Our series of lockdown fiction based in the theme of isolation continues, courtesy of Linda Fawke from the Wokingham Writers Group, based at Wokingham Library. For more information, email firstname.lastname@example.org
A day in May. My Mayday. Not a distress signal. Quite the opposite. It’s an important date. It gives me a thrill when I think of it, like the joy of waking to sunshine peeping round the bedroom curtains. The Government will start to lift the restrictions on 25 May.
I’m a rational person. I understand we must isolate, why two metres is no longer a measurement but a barrier.
I accept waiting in a queue outside the supermarket for half an hour. I know there will be no flour. But it’s messing with my head. I sleep badly. I panic over silly things. I burnt the toast yesterday and it felt like a catastrophe.
Tears well up when my little grandson blows me a video kiss. I trace his name in the dust on the table. I think about driving to see him. An hour’s drive. But I don’t.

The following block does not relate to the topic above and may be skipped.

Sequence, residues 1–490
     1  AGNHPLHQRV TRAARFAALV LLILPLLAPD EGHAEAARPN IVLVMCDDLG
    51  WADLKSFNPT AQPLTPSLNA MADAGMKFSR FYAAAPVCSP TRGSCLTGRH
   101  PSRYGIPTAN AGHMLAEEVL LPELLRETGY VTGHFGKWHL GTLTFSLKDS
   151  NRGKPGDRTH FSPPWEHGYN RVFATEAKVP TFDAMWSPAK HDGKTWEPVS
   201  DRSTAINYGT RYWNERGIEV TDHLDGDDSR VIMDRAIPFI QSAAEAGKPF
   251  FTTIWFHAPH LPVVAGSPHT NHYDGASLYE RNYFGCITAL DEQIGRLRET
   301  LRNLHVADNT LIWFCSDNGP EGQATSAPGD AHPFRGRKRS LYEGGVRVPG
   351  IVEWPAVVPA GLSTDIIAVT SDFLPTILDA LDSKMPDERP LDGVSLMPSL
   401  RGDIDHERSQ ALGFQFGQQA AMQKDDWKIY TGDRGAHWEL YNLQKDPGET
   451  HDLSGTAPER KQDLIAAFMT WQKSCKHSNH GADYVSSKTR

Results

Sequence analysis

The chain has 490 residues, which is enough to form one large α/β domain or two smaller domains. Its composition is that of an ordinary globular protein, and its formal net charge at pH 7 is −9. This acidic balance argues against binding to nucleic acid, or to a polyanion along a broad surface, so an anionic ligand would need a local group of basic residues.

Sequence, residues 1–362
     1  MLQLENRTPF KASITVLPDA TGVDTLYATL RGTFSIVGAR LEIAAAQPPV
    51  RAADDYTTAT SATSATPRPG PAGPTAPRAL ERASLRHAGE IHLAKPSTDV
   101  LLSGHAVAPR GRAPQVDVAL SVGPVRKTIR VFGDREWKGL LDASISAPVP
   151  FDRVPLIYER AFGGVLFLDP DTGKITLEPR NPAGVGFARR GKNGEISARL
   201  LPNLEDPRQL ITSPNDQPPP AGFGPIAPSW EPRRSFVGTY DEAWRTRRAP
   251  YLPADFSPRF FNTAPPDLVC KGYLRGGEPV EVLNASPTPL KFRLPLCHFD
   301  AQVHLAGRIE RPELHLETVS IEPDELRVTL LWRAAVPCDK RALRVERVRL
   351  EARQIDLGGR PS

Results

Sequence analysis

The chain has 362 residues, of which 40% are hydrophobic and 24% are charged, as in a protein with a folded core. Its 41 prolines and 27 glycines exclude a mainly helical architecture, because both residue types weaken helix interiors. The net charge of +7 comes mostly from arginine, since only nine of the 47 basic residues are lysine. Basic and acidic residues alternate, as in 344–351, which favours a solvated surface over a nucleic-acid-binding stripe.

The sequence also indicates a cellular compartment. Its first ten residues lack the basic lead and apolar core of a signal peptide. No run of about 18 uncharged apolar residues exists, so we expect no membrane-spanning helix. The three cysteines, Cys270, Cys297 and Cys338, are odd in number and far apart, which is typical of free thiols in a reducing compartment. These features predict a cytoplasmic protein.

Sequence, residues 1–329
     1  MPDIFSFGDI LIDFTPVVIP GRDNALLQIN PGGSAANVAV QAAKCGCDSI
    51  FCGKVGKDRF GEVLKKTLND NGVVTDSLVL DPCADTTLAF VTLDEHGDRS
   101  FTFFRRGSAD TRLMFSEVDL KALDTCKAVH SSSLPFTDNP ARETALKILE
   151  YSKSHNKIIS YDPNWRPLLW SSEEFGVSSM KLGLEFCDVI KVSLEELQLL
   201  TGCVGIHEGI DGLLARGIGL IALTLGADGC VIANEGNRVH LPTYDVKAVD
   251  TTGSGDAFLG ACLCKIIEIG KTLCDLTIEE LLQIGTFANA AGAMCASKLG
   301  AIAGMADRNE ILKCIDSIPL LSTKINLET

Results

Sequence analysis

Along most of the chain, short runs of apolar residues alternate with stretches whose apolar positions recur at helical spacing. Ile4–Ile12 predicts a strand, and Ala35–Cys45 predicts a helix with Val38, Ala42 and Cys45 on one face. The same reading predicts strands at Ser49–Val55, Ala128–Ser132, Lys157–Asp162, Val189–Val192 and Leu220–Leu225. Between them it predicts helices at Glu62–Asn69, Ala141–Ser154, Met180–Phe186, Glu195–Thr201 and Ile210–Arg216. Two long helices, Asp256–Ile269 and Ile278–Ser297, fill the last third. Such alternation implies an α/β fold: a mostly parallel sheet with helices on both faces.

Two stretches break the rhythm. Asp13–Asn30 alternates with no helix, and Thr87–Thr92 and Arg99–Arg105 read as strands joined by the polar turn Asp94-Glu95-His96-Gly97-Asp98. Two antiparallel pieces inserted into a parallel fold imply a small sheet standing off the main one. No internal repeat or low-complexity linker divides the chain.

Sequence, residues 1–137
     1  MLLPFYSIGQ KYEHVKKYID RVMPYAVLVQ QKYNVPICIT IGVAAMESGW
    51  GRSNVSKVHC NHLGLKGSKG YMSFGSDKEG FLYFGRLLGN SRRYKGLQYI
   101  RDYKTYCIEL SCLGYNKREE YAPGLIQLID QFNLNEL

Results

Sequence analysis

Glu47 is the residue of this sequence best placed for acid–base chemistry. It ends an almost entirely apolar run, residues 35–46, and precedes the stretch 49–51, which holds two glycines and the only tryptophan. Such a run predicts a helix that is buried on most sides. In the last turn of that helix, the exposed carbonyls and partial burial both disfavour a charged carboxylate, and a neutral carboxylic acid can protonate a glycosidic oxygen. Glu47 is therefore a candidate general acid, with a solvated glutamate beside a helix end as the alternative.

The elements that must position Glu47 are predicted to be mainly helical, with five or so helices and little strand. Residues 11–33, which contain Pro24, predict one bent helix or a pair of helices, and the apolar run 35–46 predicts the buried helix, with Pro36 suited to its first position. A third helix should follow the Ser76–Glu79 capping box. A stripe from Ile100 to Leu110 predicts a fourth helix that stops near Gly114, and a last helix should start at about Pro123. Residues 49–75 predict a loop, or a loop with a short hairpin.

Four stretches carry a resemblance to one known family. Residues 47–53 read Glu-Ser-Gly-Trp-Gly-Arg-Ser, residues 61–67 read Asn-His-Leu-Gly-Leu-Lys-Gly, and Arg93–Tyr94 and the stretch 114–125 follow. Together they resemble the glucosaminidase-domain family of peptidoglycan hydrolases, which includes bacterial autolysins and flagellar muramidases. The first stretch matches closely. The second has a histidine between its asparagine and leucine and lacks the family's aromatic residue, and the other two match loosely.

I have projects; everyone has projects. It’s a competition for the most exciting, the most original. I feel the inadequacy of knitting a sweater when someone else is building a boat.
Hours of gardening have given my skin a glow and I’m fit from my daily walk. When I raise my glass on Zoom, my friends they say how well I look. I smile. I nod. I swallow hard.
I focus on that day in May.
Then the death rate rises. Infections are not dropping as expected. The date in May is moved forward to June. Or maybe July.
I look at the vase of flowers in my hallway and debate smashing it on the floor. The mess and destruction would match my mood; it would help me. But it would be temporary. Mayday, mayday!
It will be better one day.
© Linda Fawke 2020